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Oakville soldiers in the 164th: James Gann

James Gann (1882-1941) was born in Winnipeg. He was a railroad worker in Oakville when he was attested in the 164th Battalion, 17 December 1915. He went with them to England, and 1 December 1917 he joined the 3rd Battalion, CEF. 2 March 1918 he was granted 14 days leave in Paris. He didn’t return when his leave expired, and the Military Police arrested him on the 20th. He was confined for ten days, then tried by Field General Court Martial, sentenced to Field Punishment No. 1 for 42 days, and loss of pay for six days.

Record of Gann’s court martial, in his service record.

Field Punishment No. 1 is explained in Major E.W. Pope’s Canadian officer’s guide to the study of military law (1916): (a) He may be kept in irons, i.e. in fetters or handcuffs, or both fetters and handcuffs; and may be secured so as to prevent his escape. (b) When in irons he may be attached for a period or periods not exceeding two hours in any one day to a fixed object, but he must not be so attached during more than three out of any four consecutive days, nor during more than twenty-one days in all. (c) Straps or ropes may be used for the purpose of these rules in lieu of irons.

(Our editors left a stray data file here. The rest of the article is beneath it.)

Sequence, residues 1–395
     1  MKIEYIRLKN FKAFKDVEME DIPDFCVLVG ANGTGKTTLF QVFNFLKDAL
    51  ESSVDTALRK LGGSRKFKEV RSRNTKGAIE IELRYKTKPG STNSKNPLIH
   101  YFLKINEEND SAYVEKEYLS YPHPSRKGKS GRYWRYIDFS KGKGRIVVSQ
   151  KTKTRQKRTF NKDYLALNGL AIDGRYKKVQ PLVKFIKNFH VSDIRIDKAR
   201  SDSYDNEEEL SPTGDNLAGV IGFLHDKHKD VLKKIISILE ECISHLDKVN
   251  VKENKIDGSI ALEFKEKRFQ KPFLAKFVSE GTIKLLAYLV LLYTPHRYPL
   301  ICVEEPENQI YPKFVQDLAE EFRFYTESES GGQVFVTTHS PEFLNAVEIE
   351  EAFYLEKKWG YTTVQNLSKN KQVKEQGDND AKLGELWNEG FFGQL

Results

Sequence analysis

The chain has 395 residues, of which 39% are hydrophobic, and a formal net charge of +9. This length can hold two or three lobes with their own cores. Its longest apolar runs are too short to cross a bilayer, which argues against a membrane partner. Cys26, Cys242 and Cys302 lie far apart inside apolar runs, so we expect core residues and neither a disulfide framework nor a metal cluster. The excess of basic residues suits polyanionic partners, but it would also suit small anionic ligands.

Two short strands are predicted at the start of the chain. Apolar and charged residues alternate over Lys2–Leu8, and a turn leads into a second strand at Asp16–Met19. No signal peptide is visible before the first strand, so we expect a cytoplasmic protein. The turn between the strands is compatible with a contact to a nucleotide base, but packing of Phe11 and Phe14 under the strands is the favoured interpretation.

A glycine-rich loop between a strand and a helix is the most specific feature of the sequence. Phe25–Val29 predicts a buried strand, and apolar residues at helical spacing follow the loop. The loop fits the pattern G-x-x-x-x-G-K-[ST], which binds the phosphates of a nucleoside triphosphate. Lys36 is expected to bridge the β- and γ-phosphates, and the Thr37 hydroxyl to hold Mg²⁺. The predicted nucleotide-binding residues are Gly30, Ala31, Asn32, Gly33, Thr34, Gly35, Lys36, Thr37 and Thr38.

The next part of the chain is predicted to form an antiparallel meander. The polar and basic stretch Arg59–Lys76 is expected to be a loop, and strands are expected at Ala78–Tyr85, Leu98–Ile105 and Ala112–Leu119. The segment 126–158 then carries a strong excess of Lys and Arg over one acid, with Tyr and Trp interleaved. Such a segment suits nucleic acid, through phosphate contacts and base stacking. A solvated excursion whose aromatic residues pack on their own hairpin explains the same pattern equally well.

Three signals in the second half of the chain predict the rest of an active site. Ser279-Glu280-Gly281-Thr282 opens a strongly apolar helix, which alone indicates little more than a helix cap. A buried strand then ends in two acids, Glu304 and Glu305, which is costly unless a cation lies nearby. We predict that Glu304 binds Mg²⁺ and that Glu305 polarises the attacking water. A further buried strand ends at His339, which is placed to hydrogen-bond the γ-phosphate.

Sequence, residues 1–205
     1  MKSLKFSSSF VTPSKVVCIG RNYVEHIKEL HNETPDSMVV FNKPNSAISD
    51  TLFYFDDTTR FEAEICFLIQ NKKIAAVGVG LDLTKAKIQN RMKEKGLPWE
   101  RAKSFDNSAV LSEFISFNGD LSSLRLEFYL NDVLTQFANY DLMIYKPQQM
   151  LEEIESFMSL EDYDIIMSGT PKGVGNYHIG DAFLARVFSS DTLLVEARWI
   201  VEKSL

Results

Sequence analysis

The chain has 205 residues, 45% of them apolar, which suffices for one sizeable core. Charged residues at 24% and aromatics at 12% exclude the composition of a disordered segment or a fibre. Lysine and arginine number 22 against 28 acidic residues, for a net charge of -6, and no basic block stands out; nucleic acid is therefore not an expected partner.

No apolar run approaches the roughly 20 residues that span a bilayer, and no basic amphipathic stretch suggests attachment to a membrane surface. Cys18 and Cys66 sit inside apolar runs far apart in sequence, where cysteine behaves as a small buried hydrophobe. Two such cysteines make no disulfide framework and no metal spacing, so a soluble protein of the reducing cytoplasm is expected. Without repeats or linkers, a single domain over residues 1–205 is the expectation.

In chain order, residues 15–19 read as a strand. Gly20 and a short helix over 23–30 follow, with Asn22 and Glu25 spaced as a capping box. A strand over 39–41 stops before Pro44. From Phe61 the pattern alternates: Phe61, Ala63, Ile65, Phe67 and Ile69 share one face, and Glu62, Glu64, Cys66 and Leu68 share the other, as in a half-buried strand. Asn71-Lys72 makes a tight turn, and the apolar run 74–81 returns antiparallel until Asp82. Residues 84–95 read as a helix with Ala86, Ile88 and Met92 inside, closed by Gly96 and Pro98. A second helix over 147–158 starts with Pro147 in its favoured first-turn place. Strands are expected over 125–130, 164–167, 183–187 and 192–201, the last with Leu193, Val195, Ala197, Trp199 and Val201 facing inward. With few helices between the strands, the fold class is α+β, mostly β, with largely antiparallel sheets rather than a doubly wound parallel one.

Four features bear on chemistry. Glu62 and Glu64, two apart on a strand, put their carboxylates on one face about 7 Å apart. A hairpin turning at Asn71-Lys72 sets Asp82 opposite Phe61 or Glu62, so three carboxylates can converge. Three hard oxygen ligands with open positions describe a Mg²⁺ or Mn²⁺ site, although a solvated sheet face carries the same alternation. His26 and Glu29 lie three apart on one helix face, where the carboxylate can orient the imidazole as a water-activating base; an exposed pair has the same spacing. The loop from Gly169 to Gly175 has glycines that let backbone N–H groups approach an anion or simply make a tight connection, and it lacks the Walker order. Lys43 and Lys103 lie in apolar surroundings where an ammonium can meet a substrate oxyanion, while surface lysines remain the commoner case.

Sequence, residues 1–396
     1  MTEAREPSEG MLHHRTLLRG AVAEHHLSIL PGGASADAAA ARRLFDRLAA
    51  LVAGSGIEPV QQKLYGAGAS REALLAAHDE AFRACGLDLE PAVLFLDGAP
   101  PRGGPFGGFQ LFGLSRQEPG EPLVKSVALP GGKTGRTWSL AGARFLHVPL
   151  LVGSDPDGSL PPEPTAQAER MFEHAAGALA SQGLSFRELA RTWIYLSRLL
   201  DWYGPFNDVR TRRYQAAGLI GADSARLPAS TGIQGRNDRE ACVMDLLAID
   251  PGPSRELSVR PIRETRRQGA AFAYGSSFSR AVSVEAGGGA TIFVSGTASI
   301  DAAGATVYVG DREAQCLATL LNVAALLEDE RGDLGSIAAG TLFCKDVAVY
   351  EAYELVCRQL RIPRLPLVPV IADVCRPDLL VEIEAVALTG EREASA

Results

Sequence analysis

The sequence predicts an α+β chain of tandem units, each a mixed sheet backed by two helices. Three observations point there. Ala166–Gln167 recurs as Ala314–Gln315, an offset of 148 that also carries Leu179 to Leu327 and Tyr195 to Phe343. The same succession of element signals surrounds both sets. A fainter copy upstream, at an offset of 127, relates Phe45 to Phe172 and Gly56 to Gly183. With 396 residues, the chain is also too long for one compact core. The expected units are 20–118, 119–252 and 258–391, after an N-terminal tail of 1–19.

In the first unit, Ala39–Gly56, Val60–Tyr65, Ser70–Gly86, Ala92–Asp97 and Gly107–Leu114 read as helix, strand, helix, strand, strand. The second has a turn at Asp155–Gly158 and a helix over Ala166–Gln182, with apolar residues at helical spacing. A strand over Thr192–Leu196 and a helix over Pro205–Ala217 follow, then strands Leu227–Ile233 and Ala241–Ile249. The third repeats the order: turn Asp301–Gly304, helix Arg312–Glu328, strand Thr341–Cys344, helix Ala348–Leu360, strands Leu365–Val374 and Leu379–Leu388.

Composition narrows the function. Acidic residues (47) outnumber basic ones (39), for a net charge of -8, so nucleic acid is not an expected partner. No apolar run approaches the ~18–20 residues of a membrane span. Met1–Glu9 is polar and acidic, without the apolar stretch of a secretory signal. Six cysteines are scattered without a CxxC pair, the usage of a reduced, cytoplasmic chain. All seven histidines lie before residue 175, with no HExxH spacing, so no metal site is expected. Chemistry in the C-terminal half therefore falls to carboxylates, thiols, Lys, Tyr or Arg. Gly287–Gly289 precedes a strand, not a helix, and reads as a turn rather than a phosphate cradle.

Source uncertain, perhaps from a helpful manual. Field Punishment No. 1 was sometimes called the soldier’s crucifixion

The manual helpfully suggests that ‘it has been found advisable to carry out this punishment in as public a place as possible’. The soldier would still do his normal duties, as well as the extra duties like sanitary work that were given to defaulters. The punishments were not carried out when the unit was on trench duty.

Private Gann must somehow have impressed his superiors, since he was sentenced to double the normal duration for this punishment. His troubles were not yet over. On September 6th he received gun shot wounds that would leave scars on his arms and body. He was hospitalized, and after returning to Canada was eventually discharged 3 April 1919.

In April 1930, under the name John Joseph Gaughan, he married Mary Boyce in Winnipeg. He died in Deer Lodge Hospital, St James, Manitoba, 3 December 1941.

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